- Osmolarity and osmolality are within 10%. So for convenience, usually calculate osmolality and call it osmolarity
Transport mechanisms in reabsorption
- Most of the transport in kidney is via reabsorption

- Most of the reabsorption is very nearly isotonic, meaning the water and solutes are reabsorbed in equal proportions. Filtration in the glomerulus is iso-osmotic. Almost all solutes (except large plasma proteins) move from plasma into the filtrate in the same proportion as waterl thus their concentration in the glomerular filtrate is the same as in the plasma. In the proximal tubule, where the majority of reabsorption occurs, the process is virtually iso-osmotic (water and solutes are absorbed in equal proportions). In the later portions of the nephron, reabsorption is generally not iso-osmotic.

- Most of the solute reabsorbed in the proximal tubule consists of sodium and the anions that must accompany sodium to maintain electroneutrality. These solutes are removed from the tubular lumen and put into the interstitium. Thus a large amount of solute is transferred from lumen to interstitium, setting up an osmotic gradient that favours the parallel movement of water. THe proximal tubule epithelium is very permeable to water, and water follows solute from the lumen to the interstitium. The water moves in equal proportions as solute, so that both the fluid removed from the lumen and that remaining behind are essentially iso-osmotic with the original filtrate (same osmolality).

- Tubular hydrostatic presure is several mmHg greater than interstitial hydrostatic pressure, and this gradient also favours reabsorption.

- Once in the interstitium, the solutes and water move from interstitium into the peritubular capillaries and are returned to the systemic circulation. Fortunately the Starling forces across the peritubular capillaries favor reabsorption. The capillary hydraulic pressure in the glomerulus which opposes uptake of interstitial fluids has fallen within the peritubular capillaries, but the plasma oncotic pressure (d/t filtration in the glomerular capillaries) has risen. There is a small but significant interstitial pressure. So the net filtration pressure is now a net absorptive pressure, and net fluid movement is into the peritubular capillaries.

- As blood flows through the peritubular capillaries, there is rapid diffusion of individual molecules back and forth between capillary plasma and cortical interstitial fluid. The total volume of interstitial space is only 4% of the total cortical volume, and the vascular volume is a little higher. Given the very high renal blood flow, the solute concentrations in the interstitial fluid are essentially clamped to those in the blood perfusing the cortex. The cortical interstitium remains quite plasma-like (Minus the proteins).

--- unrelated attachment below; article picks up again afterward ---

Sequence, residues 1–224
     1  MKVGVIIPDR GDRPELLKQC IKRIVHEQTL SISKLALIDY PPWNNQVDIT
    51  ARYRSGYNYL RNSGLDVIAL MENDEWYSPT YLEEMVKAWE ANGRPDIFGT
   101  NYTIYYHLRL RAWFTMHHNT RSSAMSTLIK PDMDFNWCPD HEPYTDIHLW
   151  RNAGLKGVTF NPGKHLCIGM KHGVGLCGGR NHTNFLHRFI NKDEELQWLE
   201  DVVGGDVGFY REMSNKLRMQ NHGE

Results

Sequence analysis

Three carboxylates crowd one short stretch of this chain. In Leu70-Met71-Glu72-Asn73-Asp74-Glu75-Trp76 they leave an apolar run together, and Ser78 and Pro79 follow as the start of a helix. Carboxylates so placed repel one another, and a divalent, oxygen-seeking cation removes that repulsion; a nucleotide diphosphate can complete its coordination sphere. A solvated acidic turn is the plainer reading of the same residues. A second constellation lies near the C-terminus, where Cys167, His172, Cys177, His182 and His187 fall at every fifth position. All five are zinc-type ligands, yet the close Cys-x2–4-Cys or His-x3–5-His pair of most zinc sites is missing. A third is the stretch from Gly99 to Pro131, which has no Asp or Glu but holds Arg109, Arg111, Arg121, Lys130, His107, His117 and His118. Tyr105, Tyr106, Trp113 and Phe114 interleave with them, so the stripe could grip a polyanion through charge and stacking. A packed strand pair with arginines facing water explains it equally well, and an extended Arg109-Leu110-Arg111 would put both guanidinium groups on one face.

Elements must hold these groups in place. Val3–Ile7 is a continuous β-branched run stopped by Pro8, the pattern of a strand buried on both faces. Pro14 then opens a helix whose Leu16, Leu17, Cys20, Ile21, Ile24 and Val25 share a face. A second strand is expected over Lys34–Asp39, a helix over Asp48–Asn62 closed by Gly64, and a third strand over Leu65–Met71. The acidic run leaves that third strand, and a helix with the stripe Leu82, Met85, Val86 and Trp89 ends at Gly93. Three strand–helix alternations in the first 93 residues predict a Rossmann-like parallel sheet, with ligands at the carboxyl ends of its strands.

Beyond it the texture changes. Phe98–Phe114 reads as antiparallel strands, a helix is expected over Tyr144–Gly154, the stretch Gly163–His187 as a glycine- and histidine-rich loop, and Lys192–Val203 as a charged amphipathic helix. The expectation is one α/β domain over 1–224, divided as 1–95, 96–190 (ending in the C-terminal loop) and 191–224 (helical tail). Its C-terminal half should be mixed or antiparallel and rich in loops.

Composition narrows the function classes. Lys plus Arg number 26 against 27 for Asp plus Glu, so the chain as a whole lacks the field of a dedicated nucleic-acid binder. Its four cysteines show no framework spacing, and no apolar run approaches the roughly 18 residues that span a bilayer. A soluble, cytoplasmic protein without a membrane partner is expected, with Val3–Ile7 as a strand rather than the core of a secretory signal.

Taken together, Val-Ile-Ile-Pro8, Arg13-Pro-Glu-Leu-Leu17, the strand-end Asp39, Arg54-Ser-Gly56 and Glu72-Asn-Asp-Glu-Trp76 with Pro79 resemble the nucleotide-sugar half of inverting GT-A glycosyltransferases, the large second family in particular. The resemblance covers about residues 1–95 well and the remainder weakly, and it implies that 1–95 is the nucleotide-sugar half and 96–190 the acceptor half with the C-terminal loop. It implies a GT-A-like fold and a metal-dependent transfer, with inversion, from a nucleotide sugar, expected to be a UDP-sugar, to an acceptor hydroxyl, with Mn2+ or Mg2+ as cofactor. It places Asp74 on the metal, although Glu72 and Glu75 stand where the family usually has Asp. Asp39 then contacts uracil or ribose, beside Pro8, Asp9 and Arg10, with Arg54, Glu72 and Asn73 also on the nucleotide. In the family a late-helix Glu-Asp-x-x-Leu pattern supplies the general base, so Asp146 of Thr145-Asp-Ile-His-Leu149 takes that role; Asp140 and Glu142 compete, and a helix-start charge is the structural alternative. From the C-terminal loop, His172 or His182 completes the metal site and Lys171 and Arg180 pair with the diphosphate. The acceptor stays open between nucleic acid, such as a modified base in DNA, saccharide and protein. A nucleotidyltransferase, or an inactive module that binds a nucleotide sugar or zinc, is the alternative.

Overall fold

Transcellular route
- Epithelial transport requires that epithelial cells are polarized. THis polarization can promote net flux of sodium from lumen to interstitium, which is the key in which the transport of virtually every other subsstance depends on. 

- 4 steps:

1) Active extrusion of sodium via Na-K-ATPase from the cell to the interstitium. This creates a low concentration of sodium within the cell so that sodium moves downhill from the lumen to the cell interior via a variety of symporters, antiporters and channels. A key player in the proximal tubule is the sodium-proton antiporter. The consequence of this transcellular sodium movement is the separation of charge (excess Na on the interstitial side), leading to step 2.

2) Movement of anions through anion-specific transculluar and paracellualr pathways to balance the positive charge.

3) The accumulation sodium and anions in the interstitial space produces an osmotic gradient from lumen to interstitium that promotes water movement.

4) The accumulation of salt and water in the interstitium promotes bulk flow of solute and water into the peritubular capillaries driven by Starling forces.

Figure 4-4, Page 58
Paracellular route
- As water follows sodium and its anion across the epithelium, the volume remaining in the lumen decreases. So, any solute that has not been specifically transported via the transcellular route will be more concentrated. If 2/3 of water is removed, a nontransported solute will increase in concentration to 3x its original value. As the luminal concentration rises, this generates a concentration gradient across the tight junctions between the lumen and the interstitium. If the tight junctions are permeable to the substance, the substance will diffuse from the lumen to interstitium.

- Because ions are driven not only by concentration gradient byt also by voltage gradients, the transepithelial voltage plays a role. Early in the proximal tubule, the lumen is slightly negative relative to the interstitium, whereas later, it is slightly positive. This voltage enhances paracellular anion reabsorption early, and reduces it later. 

- Can account for most paracellular reabsorption purely on the basis of the rise in luminal concentration that occurs when water is reabsorbed. 

- One substance that does nto get reabsorbed by the paracellular route is glucose. First, it is transported by the transcellular route. Second, the tight junctions are not permeable to saccharides. Thus, it cannot diffuse no matter how large the concentration gradient is.